Risk Factors for Bisphosphonate-Associated Fractures, Osteonecrosis ID'd
Use of bisphosphonatesis associated with adverse drug reactions such as atypical femoral fractures (AFs) and osteonecrosis of the jaw (ONJ). Understanding the risk factors can help prevent these reactions and help discover the pathogenic mechanisms.
Rebecca S. Bejhed, MSc, PhD, Uppsala University, Sweden, and colleagues aimed to identify risk factors for bisphosphonate-related ONJ and AF. They conducted a case-control study of reports of bisphosphonate-related adverse drug reactions between February 16, 1984 and October 16, 2013 in the Swedish national database of adverse drug reactions.
Study authors compared cases of ONJ (n=167) and AF (n=55) with other bisphosphonate-related adverse drug reactions (n=565) in regards to demographic variables, clinical characteristics, and concomitant drug therapies.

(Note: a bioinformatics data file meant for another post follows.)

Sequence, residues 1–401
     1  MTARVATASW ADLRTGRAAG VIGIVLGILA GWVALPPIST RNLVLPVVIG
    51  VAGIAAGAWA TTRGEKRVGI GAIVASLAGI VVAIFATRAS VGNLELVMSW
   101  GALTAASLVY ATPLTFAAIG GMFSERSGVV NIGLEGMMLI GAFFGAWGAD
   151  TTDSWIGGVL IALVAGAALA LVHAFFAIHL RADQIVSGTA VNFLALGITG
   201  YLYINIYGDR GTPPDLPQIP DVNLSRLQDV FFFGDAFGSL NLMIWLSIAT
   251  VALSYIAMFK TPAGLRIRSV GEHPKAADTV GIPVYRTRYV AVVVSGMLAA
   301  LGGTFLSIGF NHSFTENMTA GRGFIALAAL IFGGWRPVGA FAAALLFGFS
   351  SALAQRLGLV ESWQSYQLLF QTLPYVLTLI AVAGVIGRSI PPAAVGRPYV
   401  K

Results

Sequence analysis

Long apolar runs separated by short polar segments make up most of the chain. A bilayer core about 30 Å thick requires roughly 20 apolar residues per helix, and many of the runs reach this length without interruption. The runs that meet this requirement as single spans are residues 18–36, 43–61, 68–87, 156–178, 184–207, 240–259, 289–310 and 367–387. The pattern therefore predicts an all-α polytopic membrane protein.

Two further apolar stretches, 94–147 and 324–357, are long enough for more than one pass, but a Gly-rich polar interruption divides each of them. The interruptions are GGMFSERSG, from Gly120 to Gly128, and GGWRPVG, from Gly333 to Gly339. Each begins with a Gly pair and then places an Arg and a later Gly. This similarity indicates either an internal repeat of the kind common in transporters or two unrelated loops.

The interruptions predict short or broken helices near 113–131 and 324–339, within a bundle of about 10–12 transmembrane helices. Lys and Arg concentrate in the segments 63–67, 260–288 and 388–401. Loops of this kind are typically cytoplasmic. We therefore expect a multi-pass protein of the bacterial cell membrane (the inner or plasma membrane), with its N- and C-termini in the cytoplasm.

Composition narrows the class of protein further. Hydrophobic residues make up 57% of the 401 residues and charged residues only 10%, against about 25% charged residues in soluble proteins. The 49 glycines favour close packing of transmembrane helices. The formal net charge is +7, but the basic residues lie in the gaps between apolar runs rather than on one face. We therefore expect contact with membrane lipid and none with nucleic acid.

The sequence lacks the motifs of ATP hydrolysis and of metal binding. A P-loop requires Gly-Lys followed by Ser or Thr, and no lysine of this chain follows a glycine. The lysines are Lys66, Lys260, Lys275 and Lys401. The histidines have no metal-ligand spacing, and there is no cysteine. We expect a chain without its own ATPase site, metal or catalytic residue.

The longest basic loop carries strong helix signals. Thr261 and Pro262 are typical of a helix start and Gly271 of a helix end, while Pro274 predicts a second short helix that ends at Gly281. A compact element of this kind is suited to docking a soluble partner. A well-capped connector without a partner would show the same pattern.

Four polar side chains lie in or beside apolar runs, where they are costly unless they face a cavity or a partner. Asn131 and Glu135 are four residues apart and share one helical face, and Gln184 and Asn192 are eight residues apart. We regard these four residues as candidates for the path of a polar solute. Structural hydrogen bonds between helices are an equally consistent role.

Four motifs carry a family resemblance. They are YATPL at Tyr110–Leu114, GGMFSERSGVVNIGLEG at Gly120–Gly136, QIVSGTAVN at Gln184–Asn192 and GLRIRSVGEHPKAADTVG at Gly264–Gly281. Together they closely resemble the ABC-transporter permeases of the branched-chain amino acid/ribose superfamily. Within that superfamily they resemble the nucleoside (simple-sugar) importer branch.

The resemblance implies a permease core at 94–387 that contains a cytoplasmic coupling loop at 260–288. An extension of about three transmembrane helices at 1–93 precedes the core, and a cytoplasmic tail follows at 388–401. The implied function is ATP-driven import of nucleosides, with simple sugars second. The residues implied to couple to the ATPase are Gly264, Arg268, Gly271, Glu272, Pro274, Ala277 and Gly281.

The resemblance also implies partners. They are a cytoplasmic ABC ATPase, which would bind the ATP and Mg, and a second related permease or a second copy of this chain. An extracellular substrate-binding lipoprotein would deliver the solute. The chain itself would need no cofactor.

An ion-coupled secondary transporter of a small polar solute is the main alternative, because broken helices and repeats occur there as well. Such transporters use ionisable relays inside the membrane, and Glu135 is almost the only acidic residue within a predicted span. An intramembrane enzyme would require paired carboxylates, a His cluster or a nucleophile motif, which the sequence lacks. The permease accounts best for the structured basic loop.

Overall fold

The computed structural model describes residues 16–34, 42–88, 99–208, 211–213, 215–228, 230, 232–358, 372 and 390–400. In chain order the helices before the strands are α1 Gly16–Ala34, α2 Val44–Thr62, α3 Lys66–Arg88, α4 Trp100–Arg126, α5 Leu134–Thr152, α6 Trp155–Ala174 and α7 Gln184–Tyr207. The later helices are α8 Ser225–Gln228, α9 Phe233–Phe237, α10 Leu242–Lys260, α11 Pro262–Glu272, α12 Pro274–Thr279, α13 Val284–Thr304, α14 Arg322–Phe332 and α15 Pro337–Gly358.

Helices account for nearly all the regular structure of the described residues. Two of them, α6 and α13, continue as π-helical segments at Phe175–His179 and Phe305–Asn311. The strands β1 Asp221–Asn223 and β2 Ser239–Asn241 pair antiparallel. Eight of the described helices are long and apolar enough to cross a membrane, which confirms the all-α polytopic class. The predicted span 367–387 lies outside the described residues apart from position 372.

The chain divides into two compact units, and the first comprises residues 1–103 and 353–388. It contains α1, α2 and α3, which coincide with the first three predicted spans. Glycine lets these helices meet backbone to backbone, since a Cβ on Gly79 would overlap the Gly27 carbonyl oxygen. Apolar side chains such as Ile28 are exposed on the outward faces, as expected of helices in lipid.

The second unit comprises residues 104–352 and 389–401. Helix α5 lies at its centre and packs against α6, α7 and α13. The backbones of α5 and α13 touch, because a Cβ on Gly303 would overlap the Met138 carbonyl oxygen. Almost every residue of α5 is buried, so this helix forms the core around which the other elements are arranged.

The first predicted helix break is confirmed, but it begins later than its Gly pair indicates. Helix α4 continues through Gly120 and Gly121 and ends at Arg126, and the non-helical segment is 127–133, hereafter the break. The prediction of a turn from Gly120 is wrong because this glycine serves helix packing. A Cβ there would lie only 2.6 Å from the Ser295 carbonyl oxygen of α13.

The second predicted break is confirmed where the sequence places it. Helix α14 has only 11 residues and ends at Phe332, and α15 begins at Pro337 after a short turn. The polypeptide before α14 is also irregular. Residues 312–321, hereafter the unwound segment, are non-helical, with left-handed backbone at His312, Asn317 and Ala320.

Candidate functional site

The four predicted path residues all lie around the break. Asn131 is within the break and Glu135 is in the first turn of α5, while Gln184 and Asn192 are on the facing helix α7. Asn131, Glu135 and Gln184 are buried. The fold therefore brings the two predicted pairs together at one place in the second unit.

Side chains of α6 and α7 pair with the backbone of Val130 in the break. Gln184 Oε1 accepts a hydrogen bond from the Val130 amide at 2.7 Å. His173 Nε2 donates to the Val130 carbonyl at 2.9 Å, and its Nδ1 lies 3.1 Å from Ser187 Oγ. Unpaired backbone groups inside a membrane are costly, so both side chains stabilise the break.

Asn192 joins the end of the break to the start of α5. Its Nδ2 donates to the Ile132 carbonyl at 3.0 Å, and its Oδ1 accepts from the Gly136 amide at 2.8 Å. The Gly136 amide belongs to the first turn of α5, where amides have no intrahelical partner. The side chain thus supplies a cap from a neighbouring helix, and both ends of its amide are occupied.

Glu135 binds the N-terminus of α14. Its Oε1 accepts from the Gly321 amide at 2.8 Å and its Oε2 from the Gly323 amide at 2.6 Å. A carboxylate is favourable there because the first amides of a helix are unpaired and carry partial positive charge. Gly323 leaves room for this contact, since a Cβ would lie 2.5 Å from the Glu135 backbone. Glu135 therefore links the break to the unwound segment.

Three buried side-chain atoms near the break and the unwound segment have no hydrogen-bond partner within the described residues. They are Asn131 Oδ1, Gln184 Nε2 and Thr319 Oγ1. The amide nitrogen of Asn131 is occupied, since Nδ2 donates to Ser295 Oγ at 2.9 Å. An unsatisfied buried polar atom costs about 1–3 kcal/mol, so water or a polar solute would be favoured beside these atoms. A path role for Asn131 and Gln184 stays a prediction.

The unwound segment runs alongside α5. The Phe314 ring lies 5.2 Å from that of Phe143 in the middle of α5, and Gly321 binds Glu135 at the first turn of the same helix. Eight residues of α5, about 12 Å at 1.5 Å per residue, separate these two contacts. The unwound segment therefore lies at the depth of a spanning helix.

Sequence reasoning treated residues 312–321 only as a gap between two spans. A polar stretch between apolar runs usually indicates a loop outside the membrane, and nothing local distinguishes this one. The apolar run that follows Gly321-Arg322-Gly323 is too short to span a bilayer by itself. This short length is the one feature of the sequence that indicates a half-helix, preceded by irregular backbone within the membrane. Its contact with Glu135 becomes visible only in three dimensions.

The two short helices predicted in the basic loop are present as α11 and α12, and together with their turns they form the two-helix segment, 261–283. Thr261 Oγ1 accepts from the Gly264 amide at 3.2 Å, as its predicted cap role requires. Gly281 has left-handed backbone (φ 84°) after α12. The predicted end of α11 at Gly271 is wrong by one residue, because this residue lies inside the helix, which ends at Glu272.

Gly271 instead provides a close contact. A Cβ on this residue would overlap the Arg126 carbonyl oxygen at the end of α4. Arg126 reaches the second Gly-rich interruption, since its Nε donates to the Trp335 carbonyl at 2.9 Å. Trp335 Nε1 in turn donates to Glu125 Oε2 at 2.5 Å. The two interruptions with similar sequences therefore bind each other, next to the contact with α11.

The data showed a statistically significant difference in time to onset of adverse drug reactions between AF cases and controls (2,156 days vs. 111 days). When comparing ONJ cases vs. controls, statistically significant differences were seen for time to onset (1,240 days vs. 111 days), intravenous administration (40% vs. 20%), dental procedures (49% vs. 0.2%), prostheses (5% vs. 0%), cancer disease (44% vs. 12%), multiple myeloma (21% vs. 1%), rheumatoid arthritis (14% vs. 5%), and treatment with antineoplastic drugs and oxycodone.
Study findings further support the risk factors previously identified for ONJ, which included intravenous bisphosphonate administration, invasive dental procedures, dental prostheses, cancer (myeloma in particular), and possibly long-term bisphosphonate treatment. A presumed further risk factor is rheumatoid arthritis. Among cases of AF, only long-term bisphosphonate treatment was more common. Researchers added that the "lack of overlap of risk factors between ONJ and AF suggests different pathogenic mechanisms."
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